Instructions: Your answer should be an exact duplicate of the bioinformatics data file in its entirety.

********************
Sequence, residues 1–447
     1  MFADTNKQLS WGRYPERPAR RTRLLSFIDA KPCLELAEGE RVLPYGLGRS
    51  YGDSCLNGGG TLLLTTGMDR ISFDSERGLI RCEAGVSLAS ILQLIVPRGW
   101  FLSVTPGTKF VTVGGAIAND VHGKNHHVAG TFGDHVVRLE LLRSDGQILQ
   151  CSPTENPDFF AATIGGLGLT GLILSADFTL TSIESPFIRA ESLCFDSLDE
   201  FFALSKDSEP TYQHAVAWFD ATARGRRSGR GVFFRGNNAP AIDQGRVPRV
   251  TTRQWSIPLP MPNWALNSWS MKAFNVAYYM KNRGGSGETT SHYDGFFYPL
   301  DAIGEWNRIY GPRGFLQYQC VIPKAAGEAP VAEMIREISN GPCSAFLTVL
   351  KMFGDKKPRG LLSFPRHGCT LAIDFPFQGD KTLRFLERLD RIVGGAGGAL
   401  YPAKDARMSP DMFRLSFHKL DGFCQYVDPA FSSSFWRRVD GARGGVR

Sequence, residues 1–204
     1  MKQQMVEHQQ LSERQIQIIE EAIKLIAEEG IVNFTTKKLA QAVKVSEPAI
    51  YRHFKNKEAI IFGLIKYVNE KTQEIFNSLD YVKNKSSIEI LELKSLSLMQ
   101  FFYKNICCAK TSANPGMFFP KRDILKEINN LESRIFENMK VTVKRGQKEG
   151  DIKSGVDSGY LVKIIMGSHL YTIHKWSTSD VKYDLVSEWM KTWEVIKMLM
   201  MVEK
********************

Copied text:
Sequence, residues 1–447
     1  MFADTNKQLS WGRYPERPAR RTRLLSFIDA KPCLELAEGE RVLPYGLGRS
    51  YGDSCLNGGG TLLLTTGMDR ISFDSERGLI RCEAGVSLAS ILQLIVPRGW
   101  FLSVTPGTKF VTVGGAIAND VHGKNHHVAG TFGDHVVRLE LLRSDGQILQ
   151  CSPTENPDFF AATIGGLGLT GLILSADFTL TSIESPFIRA ESLCFDSLDE
   201  FFALSKDSEP TYQHAVAWFD ATARGRRSGR GVFFRGNNAP AIDQGRVPRV
   251  TTRQWSIPLP MPNWALNSWS MKAFNVAYYM KNRGGSGETT SHYDGFFYPL
   301  DAIGEWNRIY GPRGFLQYQC VIPKAAGEAP VAEMIREISN GPCSAFLTVL
   351  KMFGDKKPRG LLSFPRHGCT LAIDFPFQGD KTLRFLERLD RIVGGAGGAL
   401  YPAKDARMSP DMFRLSFHKL DGFCQYVDPA FSSSFWRRVD GARGGVR

Sequence, residues 1–204
     1  MKQQMVEHQQ LSERQIQIIE EAIKLIAEEG IVNFTTKKLA QAVKVSEPAI
    51  YRHFKNKEAI IFGLIKYVNE KTQEIFNSLD YVKNKSSIEI LELKSLSLMQ
   101  FFYKNICCAK TSANPGMFFP KRDILKEINN LESRIFENMK VTVKRGQKEG
   151  DIKSGVDSGY LVKIIMGSHL YTIHKWSTSD VKYDLVSEWM KTWEVIKMLM
   201  MVEK